If America has a secular saint, that saint is most assuredly Abraham Lincoln. What Safire has done so brilliantly, like a sculptor adding clay in layers until a final likeness emerges, is reduce Lincoln to human scale and in doing so raise him to greater heights: a man unsure of himself, groping his way forward, struggling with a crippling depression from which he has suffered most of his life, hesitant but obstinate as a mule, ambitious and duplicitous yet altruistic. He is simple in his vulgar and coarse tastes but a canny reader of men and motives who will grow in the office of the presidency as no man has grown before or since. It is the burden of Lincoln’s all-too-flawed humanity, his sharp corners, that brings into high relief his quiet heroism. Yet Safire never gushes. As he opines through the voice of Francis Preston Blair, a close adviser of the president’s, ‘Oh, he’s a cunning bastard is Honest Abe.’ Indeed.

Safire can speak with some authority on how the wheels of power turn at the highest levels of government ‒ he was once a speechwriter in the White House under Nixon – but he never allows his personality to intrude on the narrative. Other portraits of Lincoln, notably Gore Vidal’s bestselling Lincoln, published two years before Safire’s book, tend to project the character of the author on to the subject. Safire manages to stay out of the way. Though he says in a final endnote that reverence is a barrier to appreciation, ultimately his portrait rings true, laced as it is with both authenticity and admiration, which is only fitting. Admiration is the proper response to greatness.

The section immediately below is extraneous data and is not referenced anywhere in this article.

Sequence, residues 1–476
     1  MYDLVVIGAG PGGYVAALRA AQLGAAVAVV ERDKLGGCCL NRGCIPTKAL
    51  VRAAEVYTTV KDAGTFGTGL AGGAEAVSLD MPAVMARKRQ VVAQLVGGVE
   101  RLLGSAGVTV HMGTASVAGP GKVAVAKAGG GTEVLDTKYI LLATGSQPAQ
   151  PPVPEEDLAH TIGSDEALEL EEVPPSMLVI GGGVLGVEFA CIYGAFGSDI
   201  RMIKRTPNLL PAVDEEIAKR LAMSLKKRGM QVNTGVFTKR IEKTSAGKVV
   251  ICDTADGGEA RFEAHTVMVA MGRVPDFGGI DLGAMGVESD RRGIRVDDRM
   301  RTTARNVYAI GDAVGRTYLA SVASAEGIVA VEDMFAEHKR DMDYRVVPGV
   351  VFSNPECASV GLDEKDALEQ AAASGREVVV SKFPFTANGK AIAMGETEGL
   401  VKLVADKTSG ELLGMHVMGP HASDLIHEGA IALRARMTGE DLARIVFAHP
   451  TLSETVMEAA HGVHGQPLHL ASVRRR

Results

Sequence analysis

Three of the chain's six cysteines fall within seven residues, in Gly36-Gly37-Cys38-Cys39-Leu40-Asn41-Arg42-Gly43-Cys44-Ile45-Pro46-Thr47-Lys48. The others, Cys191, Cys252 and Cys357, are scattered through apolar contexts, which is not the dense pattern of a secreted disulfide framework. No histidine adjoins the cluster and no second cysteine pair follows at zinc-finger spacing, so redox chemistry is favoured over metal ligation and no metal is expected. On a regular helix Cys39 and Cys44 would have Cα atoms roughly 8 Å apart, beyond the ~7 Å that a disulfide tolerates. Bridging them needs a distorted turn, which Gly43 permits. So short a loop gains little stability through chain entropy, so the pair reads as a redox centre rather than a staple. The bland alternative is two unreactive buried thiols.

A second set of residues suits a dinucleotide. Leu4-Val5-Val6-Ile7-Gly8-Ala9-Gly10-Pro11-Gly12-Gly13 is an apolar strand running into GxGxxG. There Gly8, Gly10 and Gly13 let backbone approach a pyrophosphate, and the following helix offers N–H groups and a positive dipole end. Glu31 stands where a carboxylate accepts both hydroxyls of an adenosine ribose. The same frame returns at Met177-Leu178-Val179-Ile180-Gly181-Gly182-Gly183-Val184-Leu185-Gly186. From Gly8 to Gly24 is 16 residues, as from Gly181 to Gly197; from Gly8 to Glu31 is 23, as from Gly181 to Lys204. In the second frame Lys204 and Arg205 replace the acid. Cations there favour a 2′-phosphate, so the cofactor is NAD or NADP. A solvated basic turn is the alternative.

Since my first reading of Freedom I have read many of the highly acclaimed biographies of America’s sixteenth president. Now, returning to it thirty-five years later, I see very little in Safire’s portrait to quibble with. Mortimer Adler, the guiding spirit behind Columbia University’s Great Books programme, said Lincoln had not read a great many books, but he had read a few books really, really well. Anyone privileged to stand within the walls of the Lincoln Memorial, the pillared Grecian temple in Washington that enshrines Lincoln’s memory, may attest to this as they read aloud the exquisite prose of the Second Inaugural Address and the Gettysburg Address, both chiselled into the marble walls. I have stood there many times, and on each visit I have been moved to tears. It is a powerfully serene space, as awe-inspiring as a cathedral; a monument to an imperishable memory.

As I put Freedom down again, I am left with much the same feeling I have experienced at the Lincoln Memorial: I have been with the man who proved that democracy was not an absurdity, and I have basked in the presence of greatness.